This morning, PETA sent a letter requesting that the Kentucky Board of Veterinary Examiners investigate veterinarian Ken Reed for apparently violating state veterinary-ethics laws by administering a powerful thyroid hormone to horses who don’t have thyroid disease. In 2014 testimony before the Kentucky Horse Racing Commission, Reed stated that he prescribes thyroid hormones to all Thoroughbreds rather than diagnosing a specific disease in individual horses as required by law.
PETA points out that the New York State Gaming Commission recently confirmed PETA’s allegation that trainer Steve Asmussen fed thyroxine powder to horses, even though “Asmussen Stable horses were not given individualized doses and that it is questionable whether each horse was evaluated clinically until an adequate maintenance dose was established.” The commission fined the trainer $10,000 for administering the hormone to horses within 48 hours of a race. Dr. Reed prescribed the thyroxine administered at Asmussen’s New York stable and could not produce records proving medical necessity when asked by the commission.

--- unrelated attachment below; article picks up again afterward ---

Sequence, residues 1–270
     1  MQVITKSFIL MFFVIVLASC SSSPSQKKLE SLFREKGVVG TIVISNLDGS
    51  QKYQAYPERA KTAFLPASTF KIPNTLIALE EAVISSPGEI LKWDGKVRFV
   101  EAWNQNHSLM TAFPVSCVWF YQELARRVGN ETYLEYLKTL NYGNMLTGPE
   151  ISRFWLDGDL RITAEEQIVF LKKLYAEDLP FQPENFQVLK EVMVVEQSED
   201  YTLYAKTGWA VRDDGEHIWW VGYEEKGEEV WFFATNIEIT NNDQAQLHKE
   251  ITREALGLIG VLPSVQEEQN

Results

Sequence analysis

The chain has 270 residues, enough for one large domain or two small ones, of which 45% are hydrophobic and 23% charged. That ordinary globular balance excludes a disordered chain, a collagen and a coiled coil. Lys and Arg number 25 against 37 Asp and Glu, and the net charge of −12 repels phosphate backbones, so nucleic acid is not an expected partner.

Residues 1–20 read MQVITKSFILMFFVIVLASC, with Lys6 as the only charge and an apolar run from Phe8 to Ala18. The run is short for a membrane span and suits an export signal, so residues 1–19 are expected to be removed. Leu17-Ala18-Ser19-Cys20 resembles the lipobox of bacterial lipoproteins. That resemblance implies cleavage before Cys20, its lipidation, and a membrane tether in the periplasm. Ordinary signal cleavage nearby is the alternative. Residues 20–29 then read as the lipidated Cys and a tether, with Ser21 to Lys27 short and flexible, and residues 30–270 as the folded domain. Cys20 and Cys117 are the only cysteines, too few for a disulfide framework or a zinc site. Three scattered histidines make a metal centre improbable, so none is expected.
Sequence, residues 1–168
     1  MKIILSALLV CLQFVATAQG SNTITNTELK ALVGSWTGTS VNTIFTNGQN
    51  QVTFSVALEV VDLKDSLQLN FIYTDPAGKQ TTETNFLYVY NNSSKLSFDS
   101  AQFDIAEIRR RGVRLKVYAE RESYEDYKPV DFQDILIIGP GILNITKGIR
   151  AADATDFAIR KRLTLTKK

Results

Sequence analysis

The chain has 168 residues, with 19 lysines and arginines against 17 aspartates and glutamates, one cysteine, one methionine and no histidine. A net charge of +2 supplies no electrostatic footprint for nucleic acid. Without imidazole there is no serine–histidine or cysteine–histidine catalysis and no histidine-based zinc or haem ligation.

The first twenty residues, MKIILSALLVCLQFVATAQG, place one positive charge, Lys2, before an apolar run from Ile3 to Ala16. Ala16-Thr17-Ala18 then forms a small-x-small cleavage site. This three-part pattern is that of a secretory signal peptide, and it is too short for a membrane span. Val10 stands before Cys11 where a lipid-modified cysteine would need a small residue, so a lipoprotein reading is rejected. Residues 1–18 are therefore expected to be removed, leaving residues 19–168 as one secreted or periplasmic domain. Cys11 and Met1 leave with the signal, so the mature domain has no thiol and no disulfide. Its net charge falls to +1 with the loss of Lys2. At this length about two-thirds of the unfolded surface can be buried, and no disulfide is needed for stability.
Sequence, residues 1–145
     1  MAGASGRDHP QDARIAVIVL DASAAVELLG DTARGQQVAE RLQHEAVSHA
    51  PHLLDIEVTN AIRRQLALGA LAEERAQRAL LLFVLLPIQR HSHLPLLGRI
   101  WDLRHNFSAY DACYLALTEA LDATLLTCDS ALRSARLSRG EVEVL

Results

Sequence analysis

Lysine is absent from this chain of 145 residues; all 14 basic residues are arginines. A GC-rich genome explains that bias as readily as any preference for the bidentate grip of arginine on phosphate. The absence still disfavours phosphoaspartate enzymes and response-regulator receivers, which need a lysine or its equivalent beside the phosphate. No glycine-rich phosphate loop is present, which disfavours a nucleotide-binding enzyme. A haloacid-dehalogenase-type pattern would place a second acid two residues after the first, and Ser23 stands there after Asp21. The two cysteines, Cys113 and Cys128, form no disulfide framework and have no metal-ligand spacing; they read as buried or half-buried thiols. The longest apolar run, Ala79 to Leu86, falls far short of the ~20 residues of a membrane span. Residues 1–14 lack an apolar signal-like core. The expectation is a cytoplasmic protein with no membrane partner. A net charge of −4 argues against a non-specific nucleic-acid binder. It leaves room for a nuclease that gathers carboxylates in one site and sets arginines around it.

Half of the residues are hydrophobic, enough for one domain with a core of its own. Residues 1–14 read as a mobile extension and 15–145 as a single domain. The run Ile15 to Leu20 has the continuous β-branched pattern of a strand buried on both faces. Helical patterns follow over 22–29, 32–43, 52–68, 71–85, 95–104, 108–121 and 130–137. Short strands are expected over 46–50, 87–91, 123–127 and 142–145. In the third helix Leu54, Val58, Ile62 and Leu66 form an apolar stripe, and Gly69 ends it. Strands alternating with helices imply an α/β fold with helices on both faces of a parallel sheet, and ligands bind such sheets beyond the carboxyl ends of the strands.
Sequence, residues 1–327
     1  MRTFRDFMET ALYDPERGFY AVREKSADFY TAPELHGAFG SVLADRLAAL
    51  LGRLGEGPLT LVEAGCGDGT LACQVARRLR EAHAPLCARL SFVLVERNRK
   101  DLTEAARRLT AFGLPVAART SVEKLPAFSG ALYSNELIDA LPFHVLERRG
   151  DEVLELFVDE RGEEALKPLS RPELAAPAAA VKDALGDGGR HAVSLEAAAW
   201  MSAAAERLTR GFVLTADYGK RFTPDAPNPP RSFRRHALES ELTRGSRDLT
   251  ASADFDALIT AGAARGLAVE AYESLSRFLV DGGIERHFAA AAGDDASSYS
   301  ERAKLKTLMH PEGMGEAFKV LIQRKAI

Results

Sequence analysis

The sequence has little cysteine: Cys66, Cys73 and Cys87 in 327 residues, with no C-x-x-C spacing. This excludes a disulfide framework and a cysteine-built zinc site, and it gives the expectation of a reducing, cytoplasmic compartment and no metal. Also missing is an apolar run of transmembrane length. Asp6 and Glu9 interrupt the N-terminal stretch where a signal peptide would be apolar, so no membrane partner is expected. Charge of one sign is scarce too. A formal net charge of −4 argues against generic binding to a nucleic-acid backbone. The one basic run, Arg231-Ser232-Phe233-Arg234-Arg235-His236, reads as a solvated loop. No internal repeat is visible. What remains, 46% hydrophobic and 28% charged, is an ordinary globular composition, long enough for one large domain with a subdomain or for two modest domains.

According to veterinary experts, prescribing drugs like thyroxine in this manner causes hyperthyroidism, which elevates metabolism, risking the horses’ health. The California Horse Racing Board banned the use of thyroxine as a supplement after seven race horses from trainer Bob Baffert’s barn died suddenly. All the horses had been fed thyroxine, apparently without any diagnosis of hypothyroidism.
Feeding horses a powerful medication for a disease they don’t have—just to try to make them run faster—is dangerous and likely illegal. PETA calls on Kentucky authorities to investigate Dr. Reed and determine whether he’s breaking the law and risking horses’ lives.